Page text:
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article imageLawmakers reach agreement on spending level as deadline nears

By Karen Graham     Nov 24, 2019 in Politics
Negotiations on a package of spending bills to fund the federal government have produced a key breakthrough, though considerably more work is needed to wrap up the long-delayed measures.
Senate Appropriations Committee Chairman Richard Shelby, an Alabama Republican, and House Appropriations Chairwoman Nita Lowey, a New York Democrat, on Saturday confirmed an agreement on allocations for each of the 12 spending bills for the $1.4 trillion budget bundle, reports the Associated Press.
This is a breakthrough and comes after days of long and contentious negotiations between Republicans and Democrats as they hunted for a path to a deal. Just last week, Congress passed another stopgap continuing resolution (CR) to fund the government for another month - hours before the November 20 deadline.
Agreement on the top-line numbers will set spending levels for each of the 12 appropriations subcommittees, And the bipartisan agreement between the top lawmakers of the House and Senate Appropriations committees will allow a quick path for action on a number of the bills, according to CNN.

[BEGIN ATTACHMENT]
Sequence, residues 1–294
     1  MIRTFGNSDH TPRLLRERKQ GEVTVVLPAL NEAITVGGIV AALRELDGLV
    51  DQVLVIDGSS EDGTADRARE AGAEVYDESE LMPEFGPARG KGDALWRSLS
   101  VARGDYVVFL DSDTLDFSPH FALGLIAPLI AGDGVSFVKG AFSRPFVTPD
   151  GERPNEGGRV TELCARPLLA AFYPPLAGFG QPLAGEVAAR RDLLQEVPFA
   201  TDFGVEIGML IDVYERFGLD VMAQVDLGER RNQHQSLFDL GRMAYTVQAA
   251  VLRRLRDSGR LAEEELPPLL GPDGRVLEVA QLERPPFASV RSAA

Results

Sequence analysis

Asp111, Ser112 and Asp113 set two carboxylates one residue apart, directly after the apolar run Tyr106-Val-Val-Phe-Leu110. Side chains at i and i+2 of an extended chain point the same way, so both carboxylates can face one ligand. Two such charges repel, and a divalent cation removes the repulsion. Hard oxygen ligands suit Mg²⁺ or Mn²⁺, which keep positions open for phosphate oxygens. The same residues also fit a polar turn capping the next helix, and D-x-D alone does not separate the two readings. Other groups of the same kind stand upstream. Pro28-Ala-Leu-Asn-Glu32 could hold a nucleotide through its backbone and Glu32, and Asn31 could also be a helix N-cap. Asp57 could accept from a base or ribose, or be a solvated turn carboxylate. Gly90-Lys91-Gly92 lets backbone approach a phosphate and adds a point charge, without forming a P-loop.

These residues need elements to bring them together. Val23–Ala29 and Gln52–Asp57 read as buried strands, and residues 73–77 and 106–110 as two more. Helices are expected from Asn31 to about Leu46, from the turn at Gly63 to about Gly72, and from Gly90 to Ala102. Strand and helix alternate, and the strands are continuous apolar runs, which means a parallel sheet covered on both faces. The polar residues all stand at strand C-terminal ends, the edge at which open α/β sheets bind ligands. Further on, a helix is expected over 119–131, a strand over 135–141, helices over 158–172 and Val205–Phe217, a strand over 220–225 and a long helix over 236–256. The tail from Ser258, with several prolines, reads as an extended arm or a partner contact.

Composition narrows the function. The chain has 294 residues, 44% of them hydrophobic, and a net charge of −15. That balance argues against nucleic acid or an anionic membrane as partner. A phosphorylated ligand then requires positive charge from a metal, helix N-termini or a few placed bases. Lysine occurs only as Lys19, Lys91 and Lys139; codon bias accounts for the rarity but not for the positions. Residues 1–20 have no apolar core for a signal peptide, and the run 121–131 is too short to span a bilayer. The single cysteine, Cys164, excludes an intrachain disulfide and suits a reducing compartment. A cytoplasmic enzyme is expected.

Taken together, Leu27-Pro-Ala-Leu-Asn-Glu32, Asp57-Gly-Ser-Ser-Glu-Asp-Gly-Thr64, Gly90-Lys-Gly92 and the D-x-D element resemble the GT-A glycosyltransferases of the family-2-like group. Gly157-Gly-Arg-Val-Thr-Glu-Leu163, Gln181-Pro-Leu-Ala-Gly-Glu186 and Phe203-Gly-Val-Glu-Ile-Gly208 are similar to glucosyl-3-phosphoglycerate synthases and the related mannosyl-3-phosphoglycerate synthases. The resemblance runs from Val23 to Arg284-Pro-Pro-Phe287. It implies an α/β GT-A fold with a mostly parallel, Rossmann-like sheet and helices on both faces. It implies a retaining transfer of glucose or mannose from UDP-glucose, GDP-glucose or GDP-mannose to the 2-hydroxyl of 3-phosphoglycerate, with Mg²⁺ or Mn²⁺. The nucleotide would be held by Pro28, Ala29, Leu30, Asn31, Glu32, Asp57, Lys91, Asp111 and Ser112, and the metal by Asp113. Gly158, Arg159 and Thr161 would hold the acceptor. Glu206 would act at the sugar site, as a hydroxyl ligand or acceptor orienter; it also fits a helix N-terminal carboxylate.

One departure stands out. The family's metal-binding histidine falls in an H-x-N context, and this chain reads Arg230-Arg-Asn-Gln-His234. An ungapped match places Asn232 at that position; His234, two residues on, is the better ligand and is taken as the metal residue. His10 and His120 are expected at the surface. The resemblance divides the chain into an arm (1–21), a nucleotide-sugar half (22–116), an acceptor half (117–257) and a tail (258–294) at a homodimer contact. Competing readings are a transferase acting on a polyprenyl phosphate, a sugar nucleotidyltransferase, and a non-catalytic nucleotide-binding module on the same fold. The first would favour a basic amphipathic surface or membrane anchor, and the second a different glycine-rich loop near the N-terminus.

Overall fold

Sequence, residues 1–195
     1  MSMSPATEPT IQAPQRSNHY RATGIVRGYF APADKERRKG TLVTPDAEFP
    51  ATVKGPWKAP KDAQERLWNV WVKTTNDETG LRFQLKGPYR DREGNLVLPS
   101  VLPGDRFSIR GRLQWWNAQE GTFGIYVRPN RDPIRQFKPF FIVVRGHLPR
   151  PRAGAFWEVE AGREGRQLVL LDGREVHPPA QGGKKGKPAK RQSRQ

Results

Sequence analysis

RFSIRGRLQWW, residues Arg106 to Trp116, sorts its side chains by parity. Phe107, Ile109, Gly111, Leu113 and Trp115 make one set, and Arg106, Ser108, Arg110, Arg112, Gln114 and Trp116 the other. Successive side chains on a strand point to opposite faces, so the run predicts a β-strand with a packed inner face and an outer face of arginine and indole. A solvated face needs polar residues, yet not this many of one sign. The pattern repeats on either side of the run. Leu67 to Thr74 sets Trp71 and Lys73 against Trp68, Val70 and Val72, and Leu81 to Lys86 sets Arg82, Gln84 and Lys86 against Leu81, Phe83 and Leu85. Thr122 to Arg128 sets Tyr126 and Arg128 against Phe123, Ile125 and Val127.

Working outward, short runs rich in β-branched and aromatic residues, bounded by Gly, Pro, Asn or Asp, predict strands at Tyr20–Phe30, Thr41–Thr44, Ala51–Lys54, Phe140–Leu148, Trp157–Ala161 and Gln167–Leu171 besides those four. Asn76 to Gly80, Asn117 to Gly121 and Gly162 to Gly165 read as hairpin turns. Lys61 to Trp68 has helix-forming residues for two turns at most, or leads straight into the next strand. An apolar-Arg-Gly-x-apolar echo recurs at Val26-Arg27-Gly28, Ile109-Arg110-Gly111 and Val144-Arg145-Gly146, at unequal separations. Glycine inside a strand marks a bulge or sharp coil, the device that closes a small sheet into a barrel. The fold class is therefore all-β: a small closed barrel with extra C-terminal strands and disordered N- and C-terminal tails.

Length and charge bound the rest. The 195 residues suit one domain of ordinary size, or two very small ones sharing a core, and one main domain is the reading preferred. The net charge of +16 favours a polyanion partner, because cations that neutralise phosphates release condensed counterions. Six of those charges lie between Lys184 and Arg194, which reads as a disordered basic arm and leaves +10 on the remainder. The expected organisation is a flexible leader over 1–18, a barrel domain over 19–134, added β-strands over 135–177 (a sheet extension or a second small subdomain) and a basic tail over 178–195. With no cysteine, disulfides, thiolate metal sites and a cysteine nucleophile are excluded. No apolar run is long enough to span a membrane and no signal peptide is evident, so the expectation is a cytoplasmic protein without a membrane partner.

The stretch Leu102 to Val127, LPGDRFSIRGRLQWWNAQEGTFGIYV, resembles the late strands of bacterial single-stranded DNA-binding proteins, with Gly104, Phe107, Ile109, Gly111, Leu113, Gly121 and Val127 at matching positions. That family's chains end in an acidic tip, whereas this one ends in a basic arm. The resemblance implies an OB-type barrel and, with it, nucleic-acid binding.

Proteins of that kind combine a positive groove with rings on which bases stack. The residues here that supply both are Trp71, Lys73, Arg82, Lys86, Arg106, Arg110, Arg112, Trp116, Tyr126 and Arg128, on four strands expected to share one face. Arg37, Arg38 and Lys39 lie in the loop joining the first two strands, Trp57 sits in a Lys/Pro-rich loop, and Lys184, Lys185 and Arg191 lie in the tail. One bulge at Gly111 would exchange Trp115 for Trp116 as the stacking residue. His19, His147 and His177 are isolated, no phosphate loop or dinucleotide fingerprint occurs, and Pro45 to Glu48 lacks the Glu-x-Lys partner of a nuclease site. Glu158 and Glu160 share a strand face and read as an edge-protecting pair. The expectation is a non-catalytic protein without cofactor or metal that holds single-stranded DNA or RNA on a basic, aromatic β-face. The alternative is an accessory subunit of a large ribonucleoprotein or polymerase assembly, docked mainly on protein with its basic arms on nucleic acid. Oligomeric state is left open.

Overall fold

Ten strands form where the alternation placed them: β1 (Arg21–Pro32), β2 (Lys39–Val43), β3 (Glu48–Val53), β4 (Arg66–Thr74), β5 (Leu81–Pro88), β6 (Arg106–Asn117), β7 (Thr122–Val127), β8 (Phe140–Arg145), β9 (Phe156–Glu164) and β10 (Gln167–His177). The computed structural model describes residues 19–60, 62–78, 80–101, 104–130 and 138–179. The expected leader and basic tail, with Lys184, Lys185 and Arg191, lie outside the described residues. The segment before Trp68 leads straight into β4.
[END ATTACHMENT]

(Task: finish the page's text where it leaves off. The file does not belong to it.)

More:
"The subcommittees are getting to work immediately in an effort to pass all 12 bills before the CR expires on Dec. 20," a source familiar with the talks added about the agreement, according to The Hill.
As part of the deal, the defense and non-defense caps agreed to as part of a two-year budget deal announced in July will stand. Defense spending was set at $738 billion for fiscal 2020, while non-defense spending was $632 billion. However, the agreement does not eliminate the need for negotiations over the two most contentious items, defense spending, and the border wall.
"Individual funding items are being left to the subcommittees in keeping with long-standing committee practice," a second source said.
Senate Minority Leader Charles Schumer (D-N.Y.) warned Trump to stay out of the funding negotiations as lawmakers head toward the Dec. 20 deadline.
"On the first path, President Trump stays out of our way and gives Congress the space to work together and find an agreement," he said. "On the second path, President Trump stomps his feet, makes impossible demands, and prevents his party, the Republicans, from coming to a fair arrangement."
More about Spending bill, Negotiations, December 20 deadline, Defense spending, border wall
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